I would like to hear Brian clarify this misinterpretation / misstatement on his show.

Dec. 04 2013 03:02 PM
gary from queens

Mr. Sepanek is right because HE believes he's right. He's like so many liberals who feel they can attack conservatives via ad hominems, rather than challenging conservative IDEAS.

Dec. 04 2013 02:41 PM
Donald J. Sepanek

"Balance" breeds mediocrity.

Dec. 04 2013 02:03 PM
Donald J. Sepanek

I am not seeking "balance".

Dec. 04 2013 01:57 PM
gary from queens

You're correct JGL on gov vs the constitution. but even further, "american exceptionalism" has never referred to americans being exceptional. rather, it refers to our constitution, which was the first in history, before and since, to declare as precept that CITIZENS are sovereign, from where government derives its powers, with the central gov, being most distant from the people, limited only to those powers enumerated, and no more.

Liberals forced a reinterpretation of commerce and necessary and proper clauses to include virtually anything that the fed can do to make law over us. a perversion of the Framers intent. The latest, in a word----obamunism.

Conservatives try to explain, while liberal demagogue them as evil. just look at the liberal blogger's comments. just allegations and rhetoric, because they assume they're right, anything can be alleged, factual or not.

Dec. 04 2013 01:44 PM

Keep in mind that the men that wrote the Constitution that allowed slavery also understood that what they had written would in time eliminate slavery from America. Slavery was a paradigm of the day and common throughout the world from the beginning of time.

The founders wrote THE document that has destroyed slavery as a way of life for most of the world. This new modern variety of slavery would be called by them what it is. You now can not be born in America and be compliant with the law without owning a healthcare policy, mandated by the government. Think about that for a moment and where you see this going in the next 10, 20, 50 years. The left would have you believe that slavery itself was eliminated in spite of the founders wishes so therefore the Constitution itself is invalid and must be replaced. This kind of thinking is the kind of thinking that equates the Constitution and government.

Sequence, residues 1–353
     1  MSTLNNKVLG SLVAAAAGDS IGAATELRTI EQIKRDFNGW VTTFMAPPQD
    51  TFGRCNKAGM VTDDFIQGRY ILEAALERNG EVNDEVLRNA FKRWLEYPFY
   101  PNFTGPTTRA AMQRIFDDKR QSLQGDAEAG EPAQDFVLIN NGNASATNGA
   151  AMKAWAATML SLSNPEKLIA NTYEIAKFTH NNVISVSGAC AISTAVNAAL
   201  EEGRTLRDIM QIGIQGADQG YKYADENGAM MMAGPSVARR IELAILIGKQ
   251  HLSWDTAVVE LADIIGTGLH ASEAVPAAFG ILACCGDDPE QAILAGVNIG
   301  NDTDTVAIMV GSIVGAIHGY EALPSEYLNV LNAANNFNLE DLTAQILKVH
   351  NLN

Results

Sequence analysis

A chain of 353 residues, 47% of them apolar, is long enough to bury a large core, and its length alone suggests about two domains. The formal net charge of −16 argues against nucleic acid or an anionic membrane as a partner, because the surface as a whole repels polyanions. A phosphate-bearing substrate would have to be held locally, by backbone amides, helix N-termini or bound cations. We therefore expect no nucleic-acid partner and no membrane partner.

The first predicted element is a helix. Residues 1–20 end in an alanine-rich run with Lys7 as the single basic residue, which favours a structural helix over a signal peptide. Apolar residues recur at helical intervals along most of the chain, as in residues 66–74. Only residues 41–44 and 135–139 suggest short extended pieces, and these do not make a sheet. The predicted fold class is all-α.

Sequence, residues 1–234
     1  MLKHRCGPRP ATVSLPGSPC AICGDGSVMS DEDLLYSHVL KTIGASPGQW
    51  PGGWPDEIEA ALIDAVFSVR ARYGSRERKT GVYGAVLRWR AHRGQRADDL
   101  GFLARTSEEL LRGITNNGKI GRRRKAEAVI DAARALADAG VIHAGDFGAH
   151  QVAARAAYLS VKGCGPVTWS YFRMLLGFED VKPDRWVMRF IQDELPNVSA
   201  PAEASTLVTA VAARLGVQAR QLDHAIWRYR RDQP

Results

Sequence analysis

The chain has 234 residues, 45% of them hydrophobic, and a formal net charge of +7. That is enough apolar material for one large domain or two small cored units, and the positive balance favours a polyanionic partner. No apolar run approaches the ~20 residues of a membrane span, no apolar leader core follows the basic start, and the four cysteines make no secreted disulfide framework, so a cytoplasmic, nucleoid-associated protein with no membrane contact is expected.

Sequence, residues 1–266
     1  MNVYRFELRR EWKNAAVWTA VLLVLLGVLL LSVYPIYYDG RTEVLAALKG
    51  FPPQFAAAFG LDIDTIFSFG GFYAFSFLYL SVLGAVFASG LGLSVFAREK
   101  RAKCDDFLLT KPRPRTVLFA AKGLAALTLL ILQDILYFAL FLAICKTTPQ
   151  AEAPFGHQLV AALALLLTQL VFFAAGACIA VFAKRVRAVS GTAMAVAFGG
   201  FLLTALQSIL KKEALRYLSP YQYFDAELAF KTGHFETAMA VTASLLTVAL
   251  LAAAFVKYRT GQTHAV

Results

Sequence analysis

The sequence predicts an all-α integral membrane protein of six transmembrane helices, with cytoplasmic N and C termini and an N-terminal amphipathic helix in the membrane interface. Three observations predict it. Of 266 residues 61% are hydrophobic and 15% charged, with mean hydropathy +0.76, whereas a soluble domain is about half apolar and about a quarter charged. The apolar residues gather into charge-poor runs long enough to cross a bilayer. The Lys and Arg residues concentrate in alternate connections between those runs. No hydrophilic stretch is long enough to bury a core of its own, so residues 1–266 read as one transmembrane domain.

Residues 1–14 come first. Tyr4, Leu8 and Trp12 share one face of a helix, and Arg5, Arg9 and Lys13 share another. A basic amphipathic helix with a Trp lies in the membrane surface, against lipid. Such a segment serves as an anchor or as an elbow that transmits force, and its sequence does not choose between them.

Dec. 04 2013 01:15 PM
gary from queens

Brian, i'm glad you took my call, but as a caller, I cannot compete when you shut off my audio when I need to rebut you.

One avenue I was unable to delve into was the slavery point. You accepted an example from the earlier caller that the free market could not stop slavery and was the cause of it, and you accepted the notion that only government was able to stop slavery. Yet slavery existed only because government made it legal, just like Jim Crow laws were enforced by government!

No one in the south had the option to allow slaves to be free or later, allow a black person to eat at a white diner. Just like today, no one has the option to choose the health insurance plan of THEIR choosing, because government knows best-----just like it knew best about slavery over a century ago.

Dec. 04 2013 12:55 PM

Yes Gary from Queens, this is a modern form of slavery. Obligating the people to continually pay for what the government mandates is a modern form of slavery.

Brian's echo chamber is filled with true believers, including Brian.

I do enjoy your show Brian, I enjoy the subtle way that you introduce the agenda.

Dec. 04 2013 12:36 PM
gary from queens

The restaurant investment was an ANALOGY to what we are seeing today. Obama's $2 trillion stimulus was just a "sugar rush" that went nowhere. One it's now conceded that it was barely one dollar growth for each stimulus dollar GOVERNMENT put into the economy.

Why is business not investing? Because in so many fields, (Obama's) government decided to pick the winners, through grants and subsidies and arduous regulations (best example are fossil fuel industry), and by BEING a player, such as in student loans and healthcare (in which prices, resources and services are totally gov controlled, with private insurers acting merely as conduits, and soon to become extinct by way of the regs imposed on them.).

In my hypothetical, few private investors feel they can succeed in competing against the leviathan-supported restaurant, so fewer restaurants are started in that neighborhood from private investors, and fewer jobs are one result. (because wealth creation---the SUPPLY, not demand, Mr. "blacksocialist from BKbaby"----comes from investment. Were people demanding the iPhone BEFORE Jobs invented it and invested in its production and marketing?!)